China’s Sustainable Fuel Strategies
About the project
The goal of this research project is to understand the context of China’s energy economy, decision making process, and (even) social mores. This understanding will enable the collection of relevant and accurate data to both feed analysis and drive the interpretation of model outputs. The project aims to analyze and assess information to obtain policy relevant insight. The focus is on investigating the global consequences of changes to energy markets within China.
The overall objective is to combine an understanding of the fundamentals of China’s energy economy (derived from KAPSARC’s Energy Model for China) and of the policy landscape (through the construction of the KAPSARC Energy Policy Database). The two platforms and the associated knowledge are then used to answer a range of questions looking at the reform of China’s energy sector, ultimately leading to an informed view on the future of China’s energy mix.
In line with KAPSARC’s overall objectives, the intent is to produce policy relevant insights that help actors outside China understand the consequences of decisions taken by actors within China.
The workshop series fits into the overall project by providing a space for a continuing dialogue that raises the key issues, provides feedback on current work, and can set future directions. In addition, the workshops are an open collaborative forum that enables the discussion of particular questions that feed into the overarching research questions.
KAPSARC’s China Research Project is investigating the policy-economic nexus that underpins the growth and evolution of China’s energy economy. This workshop investigated one of the major emerging trends of China’s energy transformation: the development of sustainable fuel use.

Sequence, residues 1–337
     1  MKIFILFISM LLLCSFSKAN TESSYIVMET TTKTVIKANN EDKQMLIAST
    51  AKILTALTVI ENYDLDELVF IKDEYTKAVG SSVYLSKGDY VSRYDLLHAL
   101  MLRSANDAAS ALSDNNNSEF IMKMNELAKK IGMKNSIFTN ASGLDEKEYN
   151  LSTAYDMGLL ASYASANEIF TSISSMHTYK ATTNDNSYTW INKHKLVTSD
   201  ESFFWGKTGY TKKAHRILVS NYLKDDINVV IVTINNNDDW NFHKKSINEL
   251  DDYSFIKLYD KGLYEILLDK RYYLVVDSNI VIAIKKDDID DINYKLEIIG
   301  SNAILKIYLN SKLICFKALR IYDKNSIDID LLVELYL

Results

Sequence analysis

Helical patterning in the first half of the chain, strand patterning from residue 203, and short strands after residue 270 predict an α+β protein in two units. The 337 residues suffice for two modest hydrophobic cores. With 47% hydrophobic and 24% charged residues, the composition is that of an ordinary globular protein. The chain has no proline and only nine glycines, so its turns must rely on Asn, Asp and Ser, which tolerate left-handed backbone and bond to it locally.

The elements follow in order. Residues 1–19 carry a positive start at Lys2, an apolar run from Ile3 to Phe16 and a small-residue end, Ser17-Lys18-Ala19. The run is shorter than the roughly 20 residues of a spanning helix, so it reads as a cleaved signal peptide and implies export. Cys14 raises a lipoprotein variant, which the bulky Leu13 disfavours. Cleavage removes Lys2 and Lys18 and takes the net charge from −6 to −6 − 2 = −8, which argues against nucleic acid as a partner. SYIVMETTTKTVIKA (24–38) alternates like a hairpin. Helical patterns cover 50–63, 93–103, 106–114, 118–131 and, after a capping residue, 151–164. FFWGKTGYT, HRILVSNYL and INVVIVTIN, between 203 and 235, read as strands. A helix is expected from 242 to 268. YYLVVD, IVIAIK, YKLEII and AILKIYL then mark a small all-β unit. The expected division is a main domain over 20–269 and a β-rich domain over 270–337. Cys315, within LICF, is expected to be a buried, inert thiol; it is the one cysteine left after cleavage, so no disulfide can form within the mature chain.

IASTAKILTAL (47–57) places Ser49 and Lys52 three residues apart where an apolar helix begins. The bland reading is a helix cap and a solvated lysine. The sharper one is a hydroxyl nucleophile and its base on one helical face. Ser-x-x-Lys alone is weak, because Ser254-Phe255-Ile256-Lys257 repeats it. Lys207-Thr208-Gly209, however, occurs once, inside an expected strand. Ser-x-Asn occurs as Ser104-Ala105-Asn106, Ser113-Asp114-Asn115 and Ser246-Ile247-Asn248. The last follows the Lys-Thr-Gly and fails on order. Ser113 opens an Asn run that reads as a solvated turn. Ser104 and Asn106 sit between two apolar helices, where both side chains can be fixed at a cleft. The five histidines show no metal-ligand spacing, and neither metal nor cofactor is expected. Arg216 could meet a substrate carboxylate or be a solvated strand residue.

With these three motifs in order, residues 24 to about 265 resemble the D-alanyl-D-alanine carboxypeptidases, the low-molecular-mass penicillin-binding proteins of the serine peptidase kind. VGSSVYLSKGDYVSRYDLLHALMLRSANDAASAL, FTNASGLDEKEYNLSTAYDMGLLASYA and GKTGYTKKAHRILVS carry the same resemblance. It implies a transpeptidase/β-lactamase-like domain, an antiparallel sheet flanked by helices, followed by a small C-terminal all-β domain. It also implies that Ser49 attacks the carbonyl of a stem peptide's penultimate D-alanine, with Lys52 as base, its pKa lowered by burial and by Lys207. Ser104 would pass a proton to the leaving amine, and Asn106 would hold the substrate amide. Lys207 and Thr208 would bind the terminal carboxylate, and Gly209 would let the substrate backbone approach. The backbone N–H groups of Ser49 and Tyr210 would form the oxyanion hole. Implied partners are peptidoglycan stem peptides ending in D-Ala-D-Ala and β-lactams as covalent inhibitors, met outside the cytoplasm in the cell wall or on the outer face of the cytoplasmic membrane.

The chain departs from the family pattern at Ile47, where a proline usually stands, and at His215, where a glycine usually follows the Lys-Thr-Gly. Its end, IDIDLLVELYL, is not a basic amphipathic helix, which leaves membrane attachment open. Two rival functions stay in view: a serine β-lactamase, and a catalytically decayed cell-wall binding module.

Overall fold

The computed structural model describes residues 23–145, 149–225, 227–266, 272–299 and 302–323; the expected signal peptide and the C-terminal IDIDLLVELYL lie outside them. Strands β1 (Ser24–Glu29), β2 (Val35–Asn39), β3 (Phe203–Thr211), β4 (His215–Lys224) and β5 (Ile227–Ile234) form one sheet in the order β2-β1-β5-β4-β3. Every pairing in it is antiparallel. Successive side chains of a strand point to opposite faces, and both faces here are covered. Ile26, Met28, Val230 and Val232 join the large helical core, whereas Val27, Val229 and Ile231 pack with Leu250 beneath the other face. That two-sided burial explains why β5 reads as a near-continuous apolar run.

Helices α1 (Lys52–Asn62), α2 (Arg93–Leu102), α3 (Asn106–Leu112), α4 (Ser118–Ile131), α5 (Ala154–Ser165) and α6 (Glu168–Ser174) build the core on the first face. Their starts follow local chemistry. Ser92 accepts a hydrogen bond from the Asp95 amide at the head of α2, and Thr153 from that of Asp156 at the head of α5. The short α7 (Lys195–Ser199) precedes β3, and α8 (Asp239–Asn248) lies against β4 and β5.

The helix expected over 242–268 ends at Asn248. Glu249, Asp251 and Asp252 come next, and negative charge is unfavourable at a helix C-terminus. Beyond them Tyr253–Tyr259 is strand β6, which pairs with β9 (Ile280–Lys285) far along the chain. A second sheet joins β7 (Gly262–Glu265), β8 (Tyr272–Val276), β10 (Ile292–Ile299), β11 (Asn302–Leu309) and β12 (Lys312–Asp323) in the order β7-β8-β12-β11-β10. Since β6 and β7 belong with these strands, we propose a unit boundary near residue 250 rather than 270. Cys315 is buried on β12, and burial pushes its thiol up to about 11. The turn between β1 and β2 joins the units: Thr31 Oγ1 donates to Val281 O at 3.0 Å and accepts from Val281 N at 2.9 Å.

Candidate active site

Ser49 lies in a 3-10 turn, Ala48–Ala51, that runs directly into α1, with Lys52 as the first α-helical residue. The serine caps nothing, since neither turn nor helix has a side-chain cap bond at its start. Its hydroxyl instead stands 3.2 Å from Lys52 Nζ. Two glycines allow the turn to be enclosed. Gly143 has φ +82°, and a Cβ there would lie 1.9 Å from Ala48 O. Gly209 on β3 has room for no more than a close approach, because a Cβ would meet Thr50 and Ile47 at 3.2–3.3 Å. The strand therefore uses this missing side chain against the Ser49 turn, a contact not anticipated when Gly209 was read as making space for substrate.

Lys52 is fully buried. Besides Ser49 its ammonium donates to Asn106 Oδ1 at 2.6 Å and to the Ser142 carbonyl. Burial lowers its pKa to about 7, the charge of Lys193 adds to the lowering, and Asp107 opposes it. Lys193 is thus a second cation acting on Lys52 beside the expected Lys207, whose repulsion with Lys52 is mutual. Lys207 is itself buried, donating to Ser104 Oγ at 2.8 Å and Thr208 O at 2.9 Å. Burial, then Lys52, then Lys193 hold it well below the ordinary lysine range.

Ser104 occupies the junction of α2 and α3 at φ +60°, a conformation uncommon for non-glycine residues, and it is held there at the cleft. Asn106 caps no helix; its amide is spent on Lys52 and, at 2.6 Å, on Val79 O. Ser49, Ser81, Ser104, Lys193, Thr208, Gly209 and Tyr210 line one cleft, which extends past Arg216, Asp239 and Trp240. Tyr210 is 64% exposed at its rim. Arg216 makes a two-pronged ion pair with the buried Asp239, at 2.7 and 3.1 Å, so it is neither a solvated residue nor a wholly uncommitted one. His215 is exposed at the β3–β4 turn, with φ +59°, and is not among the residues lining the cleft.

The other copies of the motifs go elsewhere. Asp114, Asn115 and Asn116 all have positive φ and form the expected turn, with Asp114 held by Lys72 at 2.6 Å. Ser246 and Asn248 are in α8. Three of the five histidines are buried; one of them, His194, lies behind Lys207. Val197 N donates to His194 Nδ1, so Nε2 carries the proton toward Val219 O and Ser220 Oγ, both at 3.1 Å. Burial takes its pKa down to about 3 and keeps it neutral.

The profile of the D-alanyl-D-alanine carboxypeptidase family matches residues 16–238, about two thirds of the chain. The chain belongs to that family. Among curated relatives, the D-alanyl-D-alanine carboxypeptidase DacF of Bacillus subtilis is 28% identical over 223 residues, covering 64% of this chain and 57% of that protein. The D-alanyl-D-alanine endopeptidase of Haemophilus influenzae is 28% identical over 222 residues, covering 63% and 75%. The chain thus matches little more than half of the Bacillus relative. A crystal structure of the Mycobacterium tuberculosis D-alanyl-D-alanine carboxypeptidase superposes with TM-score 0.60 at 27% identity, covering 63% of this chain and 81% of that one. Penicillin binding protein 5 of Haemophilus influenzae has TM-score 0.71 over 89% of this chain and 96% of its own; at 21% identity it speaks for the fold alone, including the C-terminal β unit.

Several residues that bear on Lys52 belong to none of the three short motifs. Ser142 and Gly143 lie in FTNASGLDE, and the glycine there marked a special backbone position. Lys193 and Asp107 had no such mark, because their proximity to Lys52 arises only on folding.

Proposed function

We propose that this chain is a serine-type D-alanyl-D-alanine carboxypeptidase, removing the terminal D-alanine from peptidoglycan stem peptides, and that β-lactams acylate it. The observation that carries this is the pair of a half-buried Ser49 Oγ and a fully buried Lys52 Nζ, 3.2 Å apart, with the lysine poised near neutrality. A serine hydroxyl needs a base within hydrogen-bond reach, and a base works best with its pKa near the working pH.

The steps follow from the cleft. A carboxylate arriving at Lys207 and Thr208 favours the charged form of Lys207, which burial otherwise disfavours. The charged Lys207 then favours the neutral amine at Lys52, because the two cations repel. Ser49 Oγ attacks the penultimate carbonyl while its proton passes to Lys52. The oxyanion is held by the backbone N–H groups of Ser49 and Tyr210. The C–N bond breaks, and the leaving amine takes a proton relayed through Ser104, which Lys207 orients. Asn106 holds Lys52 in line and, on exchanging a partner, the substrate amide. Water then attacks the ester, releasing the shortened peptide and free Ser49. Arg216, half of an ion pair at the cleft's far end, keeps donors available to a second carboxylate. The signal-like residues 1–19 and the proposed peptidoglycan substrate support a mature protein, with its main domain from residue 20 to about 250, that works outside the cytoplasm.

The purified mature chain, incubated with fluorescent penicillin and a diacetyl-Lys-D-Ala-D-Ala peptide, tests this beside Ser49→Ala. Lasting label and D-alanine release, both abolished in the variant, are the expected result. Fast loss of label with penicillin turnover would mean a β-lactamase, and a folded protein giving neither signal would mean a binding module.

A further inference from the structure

Any discussion of sustainable fuel use in China is likely to start with the statistic that the last two decades have seen China move from being a net exporter of coal and oil to being the largest importer of both. Yet beyond the underlying surge in energy demand, the consumption of coal and oil raise very different sets of questions in terms of sustainability.
For coal, the discussion largely centers on its environmental costs. The international debate on climate change and the domestic questions of poor urban air quality have thrown the spotlight on China’s ability to continue to use coal as it has in the past. In contrast, the discussion around the sustainable use of oil revolves around China’s rising oil import ratios and what this means in terms of the country’s involvement in the international energy markets and the actions necessary to ensure security of supply.
Despite the different questions, three distinct themes underscore the dangers of setting policy in isolation and failing to coordinate with other initiatives and so recognize the broader context:
- Policies are a means to an end, not an end in themselves: policymakers will always respond to realized outcomes in the ongoing pursuit of their goals, and models of policy effectiveness risk irrelevance if they do not take this into account.
- Policies that induce changes in consumer energy use do not necessarily drive desired changes in the underlying fuel mix.
- Coordinating energy policies between economies in North East Asia has proved extremely difficult, but the potential benefits make it a priority still worth pursuing.
As China’s importance in global energy markets continues to grow, the effect of its policy decisions will be felt throughout the world in economic, environmental and political arenas. Understanding the motivations of policymakers and aligning research with real-world political problems is a critical step in informing the debate around China’s sustainable fuel strategies.
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